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Modelling Biological Populations in Space and Time : Cambridge Studies in Mathematical Biology - Eric Renshaw

Modelling Biological Populations in Space and Time

Cambridge Studies in Mathematical Biology

Paperback Published: 25th October 1993
ISBN: 9780521448550
Number Of Pages: 424

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This volume develops a unifying approach to population studies that emphasizes the interplay between modeling and experimentation and that will provide mathematicians and biologists with a framework within which population dynamics can be fully explored and understood. A unique feature of the book is that deterministic and stochastic models are considered together; spatial effects are investigated by developing models that highlight the consequences that geographical restriction and species mobility may have on population development. Model-based simulations of processes are used to explore hitherto unforeseen features and thereby suggest further profitable lines of both experimentation and theoretical study. Most aspects of population dynamics are covered, including birth-death and logistic processes, competition and predator-prey relationships, chaos, reaction time delays, fluctuating environments, spatial systems, velocities of spread, epidemics, and spatial branching structures.

"...an excellent introduction to the world of deterministic and stochastic models for population growth, both for students of applied mathematics and statistics at the undergraduate and postgraduate level and for advanced students of theoretical biology." Andris Abakuks, Mathematical Reviews "An excellent reference for the class of mathematical models that it considers...The quality of the book is high...As an applied statistician with an interest--and some background--in the models discussed, I found the book easy to read, extremely useful, and its perspective sensible. It is well worth its price." Judy Zeh, Journal of the American Statistical Association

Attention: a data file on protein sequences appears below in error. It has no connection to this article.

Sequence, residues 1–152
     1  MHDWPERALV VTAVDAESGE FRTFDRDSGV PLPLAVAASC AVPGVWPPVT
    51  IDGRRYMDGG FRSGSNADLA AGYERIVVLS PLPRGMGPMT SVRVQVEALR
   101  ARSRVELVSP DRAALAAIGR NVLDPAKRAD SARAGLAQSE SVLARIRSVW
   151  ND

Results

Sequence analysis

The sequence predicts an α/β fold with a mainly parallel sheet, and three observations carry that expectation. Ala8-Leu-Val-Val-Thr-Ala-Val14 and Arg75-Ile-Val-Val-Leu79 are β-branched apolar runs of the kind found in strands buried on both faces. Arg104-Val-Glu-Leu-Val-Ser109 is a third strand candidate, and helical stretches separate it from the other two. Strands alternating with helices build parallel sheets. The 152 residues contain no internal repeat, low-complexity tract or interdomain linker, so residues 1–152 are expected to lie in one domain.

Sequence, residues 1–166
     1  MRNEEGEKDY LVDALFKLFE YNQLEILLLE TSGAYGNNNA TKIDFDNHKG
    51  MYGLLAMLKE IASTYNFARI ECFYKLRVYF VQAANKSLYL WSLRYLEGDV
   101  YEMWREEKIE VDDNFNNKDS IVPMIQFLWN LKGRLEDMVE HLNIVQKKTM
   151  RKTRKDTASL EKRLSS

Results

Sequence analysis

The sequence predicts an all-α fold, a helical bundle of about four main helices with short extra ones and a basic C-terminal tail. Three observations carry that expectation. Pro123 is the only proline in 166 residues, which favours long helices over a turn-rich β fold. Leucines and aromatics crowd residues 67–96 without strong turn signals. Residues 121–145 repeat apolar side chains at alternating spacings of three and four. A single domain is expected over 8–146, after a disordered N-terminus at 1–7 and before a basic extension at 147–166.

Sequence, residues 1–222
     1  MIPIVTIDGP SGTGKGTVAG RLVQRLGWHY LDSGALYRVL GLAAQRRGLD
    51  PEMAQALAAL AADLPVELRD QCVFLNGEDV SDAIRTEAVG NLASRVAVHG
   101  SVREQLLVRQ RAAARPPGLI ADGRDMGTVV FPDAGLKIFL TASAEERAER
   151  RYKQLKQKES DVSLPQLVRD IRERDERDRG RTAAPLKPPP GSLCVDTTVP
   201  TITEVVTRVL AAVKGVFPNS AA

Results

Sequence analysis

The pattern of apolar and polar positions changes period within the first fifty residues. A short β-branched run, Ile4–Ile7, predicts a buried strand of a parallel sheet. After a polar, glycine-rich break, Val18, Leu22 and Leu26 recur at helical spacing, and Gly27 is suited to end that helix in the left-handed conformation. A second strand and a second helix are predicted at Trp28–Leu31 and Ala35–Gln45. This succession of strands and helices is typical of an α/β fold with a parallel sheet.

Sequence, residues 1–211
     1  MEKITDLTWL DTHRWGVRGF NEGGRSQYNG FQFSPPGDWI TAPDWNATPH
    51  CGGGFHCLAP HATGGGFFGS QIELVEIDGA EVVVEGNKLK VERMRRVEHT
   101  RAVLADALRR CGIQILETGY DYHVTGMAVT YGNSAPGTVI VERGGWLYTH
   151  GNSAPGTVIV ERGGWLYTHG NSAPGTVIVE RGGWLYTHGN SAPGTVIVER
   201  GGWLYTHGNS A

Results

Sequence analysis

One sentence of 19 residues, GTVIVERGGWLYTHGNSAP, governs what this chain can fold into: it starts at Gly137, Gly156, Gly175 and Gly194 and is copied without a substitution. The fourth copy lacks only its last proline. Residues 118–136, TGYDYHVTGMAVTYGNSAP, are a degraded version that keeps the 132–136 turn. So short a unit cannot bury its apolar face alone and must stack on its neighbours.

Prefacep. xiii
A list of symbols and notationp. xv
Introductory remarksp. 1
Deterministic or stochastic models?p. 1
Single-species populationsp. 5
Two-species populationsp. 7
The spatial effectp. 9
Related topicsp. 11
Simple birth-death processesp. 15
The pure birth processp. 16
Deterministic modelp. 17
Stochastic modelp. 17
Simulated modelp. 20
Time to a given statep. 24
The pure death processp. 27
Deterministic modelp. 28
Stochastic modelp. 28
Time to extinctionp. 30
Simulation resultsp. 31
The simple linear birth and death processp. 33
Deterministic modelp. 33
Stochastic modelp. 34
Probability of extinctionp. 36
Simulated modelp. 38
Representation as a simple random walkp. 39
The simple immigration-birth-death processp. 41
Deterministic modelp. 41
Equilibrium probabilitiesp. 42
Appendixp. 44
General birth--death processesp. 46
General population growthp. 46
Probability equationsp. 47
General equilibrium solutionp. 48
Logistic population growthp. 50
The Verhulst--Pearl equationp. 51
Growth of a yeast populationp. 53
Growth of two sheep populationsp. 55
Quasi-equilibrium probabilitiesp. 58
Simulation of the general population processp. 59
Simulation resultsp. 60
Derivation of inter-event timesp. 63
The Normal approximation to the quasi-equilibrium probabilitiesp. 64
Probability of ultimate extinctionp. 65
Mean time to extinctionp. 66
Probability of extinction by time tp. 68
Derivation of an approximation for p[subscript o](t)p. 69
Comparison of approximate quasi-equilibrium probability distributionsp. 70
Logistic mean and variance valuesp. 71
Derivation of the variance approximationp. 73
An approximate skewness resultp. 74
A numerical comparisonp. 75
The diffusion approximationp. 78
Equilibrium probabilitiesp. 79
Justifying the Normal approximationp. 81
Application to the yeast and sheep datap. 81
Yeast datap. 81
Tasmanian sheep datap. 82
South Australian sheep datap. 83
Appendixp. 84
Time-lag models of population growthp. 87
Introductionp. 88
Reaction time-lag--deterministic analysisp. 90
Stability conditionsp. 90
Numerical solutionsp. 92
Reaction time-lag--stochastic analysisp. 94
More general deterministic modelsp. 96
Distributed time-delayp. 97
Periodic and chaotic solutionsp. 100
Three simple deterministic modelsp. 100
More general deterministic resultsp. 105
Stochastic resultsp. 107
Spectral representationp. 110
Final commentsp. 113
Analysis of field and laboratory datap. 114
Nicholson's blowfliesp. 116
Description of the datap. 117
A simple time-delay modelp. 118
Nisbet and Gurney's time-delay modelp. 119
Simulation of the two blowfly modelsp. 122
Appendixp. 125
Competition processesp. 128
Introductionp. 129
Experimental backgroundp. 131
Gause's yeast experimentsp. 131
Birch's grain beetle experimentsp. 135
Stabilityp. 137
Local stabilityp. 139
Global stabilityp. 140
General stability conditionsp. 143
Stochastic behaviourp. 146
Park's flour beetle experimentsp. 146